Author: Dave Ludford
Molly sat on the brow of the steep hill smiling expansively into the hazy distance as the light from the artificial sun gradually faded.
“I wish these days could last forever. The view from here is just breathtakingly beautiful,” she said to the inert figure lying beside her.
“Me too, Moll. Me too,” Jud replied. “We should just enjoy them while we can, I guess.”
“But it’s so unfair,” Molly continued, her brow creasing in consternation, her voice much louder. “How come they get to decide who lives and who dies? We didn’t even put up any form of resistance. We just totally capitulated and it was done and dusted within hours.”
“They get to choose because they won, ergo we lost. The humans have a saying, ‘To the victor, the spoils.’ Something like that. The virulent plague that attacked us was just too overwhelmingly powerful. Besides, we’re humanoid AI who aren’t configured for any form of conflict or violence. There was absolutely nothing we could do, you know that.”
“But there must be something…oh, what’s the use? We’re…”
“Exactly. We’re doomed anyway. These bugs think they’ve won a significant victory here and are now in a position to rule this world. But we’ve been abandoned, left to rot on a dying planet by the consortium of human billionaires who quickly got bored with the new toys they’d created and the seemingly idyllic playground they dumped us in. We’re dying, Moll, all of our crude life support systems are failing daily and we haven’t the wherewithal to repair them without assistance, and we both know that’s not going to happen.”
Molly began to chuckle softly. “Jud, what do you think the bugs’ reaction will be when they discover…you know…that this place isn’t at all what it seems. All that effort and the resources they’ve wasted on this glorified theme park. For them it’s been a pyrrhic victory.”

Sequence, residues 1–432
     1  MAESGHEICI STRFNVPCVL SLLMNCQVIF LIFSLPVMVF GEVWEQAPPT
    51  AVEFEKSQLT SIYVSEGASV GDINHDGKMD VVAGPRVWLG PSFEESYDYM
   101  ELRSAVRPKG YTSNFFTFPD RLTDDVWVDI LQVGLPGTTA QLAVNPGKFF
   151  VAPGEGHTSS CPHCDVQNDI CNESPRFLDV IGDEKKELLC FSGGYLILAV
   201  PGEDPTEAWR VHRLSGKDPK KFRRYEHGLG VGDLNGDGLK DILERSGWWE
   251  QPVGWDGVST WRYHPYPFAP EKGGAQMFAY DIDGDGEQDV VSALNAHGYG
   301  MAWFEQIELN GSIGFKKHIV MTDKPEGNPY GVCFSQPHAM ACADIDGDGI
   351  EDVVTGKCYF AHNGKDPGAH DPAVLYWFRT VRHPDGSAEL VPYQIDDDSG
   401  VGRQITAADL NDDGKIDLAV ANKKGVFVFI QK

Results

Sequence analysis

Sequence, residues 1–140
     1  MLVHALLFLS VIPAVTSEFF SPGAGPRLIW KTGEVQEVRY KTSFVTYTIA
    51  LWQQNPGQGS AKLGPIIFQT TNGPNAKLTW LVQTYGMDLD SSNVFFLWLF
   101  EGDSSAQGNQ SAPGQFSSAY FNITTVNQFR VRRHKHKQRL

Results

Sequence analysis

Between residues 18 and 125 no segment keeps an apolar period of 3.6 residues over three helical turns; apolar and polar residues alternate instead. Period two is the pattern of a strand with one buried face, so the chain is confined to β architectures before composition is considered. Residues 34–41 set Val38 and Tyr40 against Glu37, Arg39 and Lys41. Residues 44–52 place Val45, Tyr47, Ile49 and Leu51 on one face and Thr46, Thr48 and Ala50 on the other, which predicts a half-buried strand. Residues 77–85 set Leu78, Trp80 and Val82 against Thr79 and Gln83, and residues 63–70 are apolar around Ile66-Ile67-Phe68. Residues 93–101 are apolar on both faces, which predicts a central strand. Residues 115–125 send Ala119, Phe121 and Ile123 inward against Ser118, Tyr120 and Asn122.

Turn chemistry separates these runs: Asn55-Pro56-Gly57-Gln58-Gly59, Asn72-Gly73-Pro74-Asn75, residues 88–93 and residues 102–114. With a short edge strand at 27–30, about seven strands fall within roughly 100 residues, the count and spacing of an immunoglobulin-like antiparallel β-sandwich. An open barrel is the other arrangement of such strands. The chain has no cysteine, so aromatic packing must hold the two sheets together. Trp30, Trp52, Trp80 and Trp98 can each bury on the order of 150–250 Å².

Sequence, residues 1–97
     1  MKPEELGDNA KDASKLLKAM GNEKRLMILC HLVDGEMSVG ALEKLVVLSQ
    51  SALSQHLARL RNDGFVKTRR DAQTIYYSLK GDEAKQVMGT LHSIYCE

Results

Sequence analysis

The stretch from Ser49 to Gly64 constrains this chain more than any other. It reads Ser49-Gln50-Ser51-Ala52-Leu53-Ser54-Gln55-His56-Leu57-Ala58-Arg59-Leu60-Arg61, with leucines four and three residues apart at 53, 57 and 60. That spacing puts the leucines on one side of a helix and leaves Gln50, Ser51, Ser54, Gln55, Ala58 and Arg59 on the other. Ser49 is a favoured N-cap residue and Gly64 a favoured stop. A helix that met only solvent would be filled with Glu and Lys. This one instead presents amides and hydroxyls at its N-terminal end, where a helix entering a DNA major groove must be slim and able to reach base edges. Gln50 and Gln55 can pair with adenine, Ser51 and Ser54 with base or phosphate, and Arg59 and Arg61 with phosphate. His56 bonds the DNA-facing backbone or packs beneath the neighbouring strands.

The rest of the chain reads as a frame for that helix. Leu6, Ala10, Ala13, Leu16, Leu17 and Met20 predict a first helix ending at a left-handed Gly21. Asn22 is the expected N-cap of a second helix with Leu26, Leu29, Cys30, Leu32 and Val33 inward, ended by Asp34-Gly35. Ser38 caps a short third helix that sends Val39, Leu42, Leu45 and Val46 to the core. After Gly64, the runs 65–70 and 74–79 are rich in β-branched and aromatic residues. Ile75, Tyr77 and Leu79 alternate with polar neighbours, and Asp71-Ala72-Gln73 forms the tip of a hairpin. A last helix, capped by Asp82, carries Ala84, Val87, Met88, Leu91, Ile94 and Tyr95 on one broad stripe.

“May not be the first time it’s happened to them. I guess there’s a speculative element to these things. They’ll just write it off as a bad job, get the hell out and go someplace else where they may get lucky.”
“Perhaps…” She was silent for a short while, then added: “Why do you think our human masters got bored with us? Why go to the vast expense they did just to dump us and forget us?”
“I don’t know, Moll. Any number of reasons. Perhaps they got fed up with playing God and like the bug invaders will just move on to other things. All I know is that we’re slowly but surely dying, and soon it’ll all be over for us.”
“What an absolute waste.” A slight pause then: “Jud, what about us? You know…”
“We’ll look after each other until the time comes…there’s no script, we’ll just have to deal with the situation as it happens. Whichever of us goes first will do what’s necessary for the other.”
“It would be good if we went together.”
“Unlikely, but yes, I’d prefer it that way too.”
Several days pass before the first of the invader’s ships roars away from the planet as the light begins to swiftly fade once more and another long night yawns like a void ahead of him. Jud tenderly holds Molly’s lifeless body in his arms and watches in silence as several other ships begin their departure routines, suspecting he’s the only one of his kind left alive on that ill-fated world.